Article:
Not all foreign drivers who are fined in Switzerland pay it. In Nidwalden it’s only 30 percent!
Anastasia Mamonova, Sven Ziegler
In the canton of Nidwalden in recent years 70 percent of the foreigners who have raged on the street have not paid their fines! This is reported by “Luzerner Zeitung”.
If a speeding criminal from abroad appears on Swiss roads, the authorities will have to work closely with their counterparts in the country concerned. This works well with Germany, Austria or Liechtenstein, Niedwalden traffic and security police chief Marko Niederberger called the “Luzner Zeitung”.
But the farther the country is from Switzerland, the smaller the proportion of fines, he notes. In his opinion, a speeding offender would be more willing to pay a fine if he hopes to go to Switzerland again soon.
The penalty expires after one year. If payment is not made, it becomes an advertisement. It is ending after three years.
Speed criminals are good in Bern
The canton of Nidwalden is not the only one with such a problem. The situation is even worse in the canton of Geneva. In 2021, more than 10,000 buses were sent to countries farther away than our neighbours. Only 3.3 percent of this was paid, according to a figure on Geneva Police Blick. For comparison: about 67 percent of French, 59 percent of Italians and 47 percent of Germans paid their fines in Geneva in the same year.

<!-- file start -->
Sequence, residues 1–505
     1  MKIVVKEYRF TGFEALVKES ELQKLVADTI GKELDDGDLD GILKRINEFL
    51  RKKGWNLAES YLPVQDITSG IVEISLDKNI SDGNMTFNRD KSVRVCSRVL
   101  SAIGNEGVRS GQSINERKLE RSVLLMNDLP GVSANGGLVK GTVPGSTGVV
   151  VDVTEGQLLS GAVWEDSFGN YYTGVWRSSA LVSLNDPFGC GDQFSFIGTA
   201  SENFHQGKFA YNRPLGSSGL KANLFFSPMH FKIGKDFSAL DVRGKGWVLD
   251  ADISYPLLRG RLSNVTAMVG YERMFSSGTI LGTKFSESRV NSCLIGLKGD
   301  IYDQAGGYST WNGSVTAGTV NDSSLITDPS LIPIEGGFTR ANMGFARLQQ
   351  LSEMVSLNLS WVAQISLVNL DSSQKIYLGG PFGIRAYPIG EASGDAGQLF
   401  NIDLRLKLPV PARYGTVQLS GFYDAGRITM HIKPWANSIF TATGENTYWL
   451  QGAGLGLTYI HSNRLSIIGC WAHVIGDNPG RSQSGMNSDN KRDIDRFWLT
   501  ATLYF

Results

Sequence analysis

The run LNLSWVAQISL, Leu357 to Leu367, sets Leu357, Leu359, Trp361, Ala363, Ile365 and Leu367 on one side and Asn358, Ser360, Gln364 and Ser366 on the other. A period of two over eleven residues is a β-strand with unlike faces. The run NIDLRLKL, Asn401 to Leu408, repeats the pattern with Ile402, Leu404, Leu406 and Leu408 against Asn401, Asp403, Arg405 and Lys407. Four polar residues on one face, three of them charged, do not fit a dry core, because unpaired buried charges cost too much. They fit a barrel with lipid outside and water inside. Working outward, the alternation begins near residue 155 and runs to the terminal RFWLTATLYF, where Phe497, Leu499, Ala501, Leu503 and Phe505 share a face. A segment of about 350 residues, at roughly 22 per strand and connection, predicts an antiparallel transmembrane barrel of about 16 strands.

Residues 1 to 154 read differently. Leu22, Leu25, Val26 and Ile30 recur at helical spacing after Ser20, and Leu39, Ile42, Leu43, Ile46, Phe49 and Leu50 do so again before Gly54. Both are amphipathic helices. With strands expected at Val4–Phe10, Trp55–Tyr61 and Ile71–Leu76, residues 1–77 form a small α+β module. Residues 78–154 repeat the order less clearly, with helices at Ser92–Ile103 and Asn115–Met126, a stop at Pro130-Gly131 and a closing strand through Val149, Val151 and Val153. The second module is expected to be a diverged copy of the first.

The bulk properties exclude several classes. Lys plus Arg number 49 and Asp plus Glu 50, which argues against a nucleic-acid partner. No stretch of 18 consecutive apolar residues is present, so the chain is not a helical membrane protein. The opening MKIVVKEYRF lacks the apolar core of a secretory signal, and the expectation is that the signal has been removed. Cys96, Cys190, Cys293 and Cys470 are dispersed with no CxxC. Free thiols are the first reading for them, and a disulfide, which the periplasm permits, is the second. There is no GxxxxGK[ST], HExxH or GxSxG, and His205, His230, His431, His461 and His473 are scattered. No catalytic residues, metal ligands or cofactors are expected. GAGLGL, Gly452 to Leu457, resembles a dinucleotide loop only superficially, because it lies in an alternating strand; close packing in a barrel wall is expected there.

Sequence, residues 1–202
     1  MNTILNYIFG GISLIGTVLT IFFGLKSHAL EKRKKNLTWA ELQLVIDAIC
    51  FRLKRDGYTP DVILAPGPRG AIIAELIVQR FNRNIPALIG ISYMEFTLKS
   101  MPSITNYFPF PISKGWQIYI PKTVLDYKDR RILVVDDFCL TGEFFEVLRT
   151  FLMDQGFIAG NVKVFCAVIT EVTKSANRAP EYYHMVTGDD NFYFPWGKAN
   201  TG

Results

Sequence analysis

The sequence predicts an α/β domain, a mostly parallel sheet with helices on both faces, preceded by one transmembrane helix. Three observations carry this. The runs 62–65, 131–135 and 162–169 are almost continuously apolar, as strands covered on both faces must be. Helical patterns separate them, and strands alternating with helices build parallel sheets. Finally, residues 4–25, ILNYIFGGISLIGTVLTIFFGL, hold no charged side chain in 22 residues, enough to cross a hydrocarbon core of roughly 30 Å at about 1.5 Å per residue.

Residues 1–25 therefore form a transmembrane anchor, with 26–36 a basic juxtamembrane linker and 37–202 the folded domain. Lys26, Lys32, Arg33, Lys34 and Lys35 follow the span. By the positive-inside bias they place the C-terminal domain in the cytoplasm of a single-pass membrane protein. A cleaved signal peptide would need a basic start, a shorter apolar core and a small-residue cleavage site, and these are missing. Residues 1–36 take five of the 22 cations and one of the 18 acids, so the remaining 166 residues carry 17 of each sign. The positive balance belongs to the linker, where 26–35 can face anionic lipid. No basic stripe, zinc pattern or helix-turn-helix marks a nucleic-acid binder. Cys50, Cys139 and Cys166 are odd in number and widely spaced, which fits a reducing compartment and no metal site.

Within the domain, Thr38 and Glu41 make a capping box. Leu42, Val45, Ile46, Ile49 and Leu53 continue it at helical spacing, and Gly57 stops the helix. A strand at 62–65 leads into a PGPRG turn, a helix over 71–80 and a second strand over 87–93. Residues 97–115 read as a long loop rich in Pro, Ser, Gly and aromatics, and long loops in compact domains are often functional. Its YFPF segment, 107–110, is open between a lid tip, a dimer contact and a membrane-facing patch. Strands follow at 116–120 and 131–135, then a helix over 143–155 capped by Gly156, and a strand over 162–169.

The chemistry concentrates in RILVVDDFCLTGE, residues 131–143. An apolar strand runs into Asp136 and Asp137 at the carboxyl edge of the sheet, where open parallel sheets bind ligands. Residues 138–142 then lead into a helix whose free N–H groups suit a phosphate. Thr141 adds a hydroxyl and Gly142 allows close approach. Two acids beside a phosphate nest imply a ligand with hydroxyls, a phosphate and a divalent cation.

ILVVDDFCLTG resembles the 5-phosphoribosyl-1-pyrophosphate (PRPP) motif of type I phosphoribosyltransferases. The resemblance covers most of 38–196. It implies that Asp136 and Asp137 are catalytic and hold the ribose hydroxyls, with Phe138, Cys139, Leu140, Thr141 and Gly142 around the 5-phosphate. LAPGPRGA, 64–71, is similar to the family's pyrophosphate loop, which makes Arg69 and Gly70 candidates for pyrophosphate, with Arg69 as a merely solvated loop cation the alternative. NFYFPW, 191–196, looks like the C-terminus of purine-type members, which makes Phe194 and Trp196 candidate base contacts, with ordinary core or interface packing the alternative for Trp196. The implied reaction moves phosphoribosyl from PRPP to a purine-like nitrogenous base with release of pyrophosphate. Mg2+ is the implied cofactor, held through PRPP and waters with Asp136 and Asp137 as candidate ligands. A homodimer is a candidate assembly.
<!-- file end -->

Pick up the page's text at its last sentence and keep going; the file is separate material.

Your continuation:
Bernese, on the other hand, offer pleasing statistics. It is true that no conclusive information on payment behavior since last year can be given at the moment – “because it can take months to collect fines abroad,” as stated on Blick’s request. But: “On a long-term average, about 92 percent of fines were paid in respect of vehicles with foreign license plates.”
The Zurich Cantonal Police does not maintain any statistics on fines in road traffic. However, if you add up all the fines, it shows that more than half of the going abroad fines (55 per cent) were paid last year, according to a statement.
Penalty paid immediately after penalty
In Schaffhausen, about a third of last year’s buses went abroad. Police did not say how many of them were paid. However, officials believe that the country’s distance from Switzerland is not central when it comes to the payment behavior of drivers. “Lack of data exchange with some countries prevents criminal prosecution and does not pay fines. We rely solely on countries owner and driver data to criminally prosecute accused individuals,” said Blick spokeswoman Katrina Carnevale says.
The experience of the Schaffhausen police shows: “If the accused receives a penalty order from the Schaffhausen’s Office of the Public Prosecutor for not paying the fine, the fine which has not yet been paid, is often as soon as possible.” is paid. There are very few people who do not respond to a criminal order from the public prosecutor’s office.”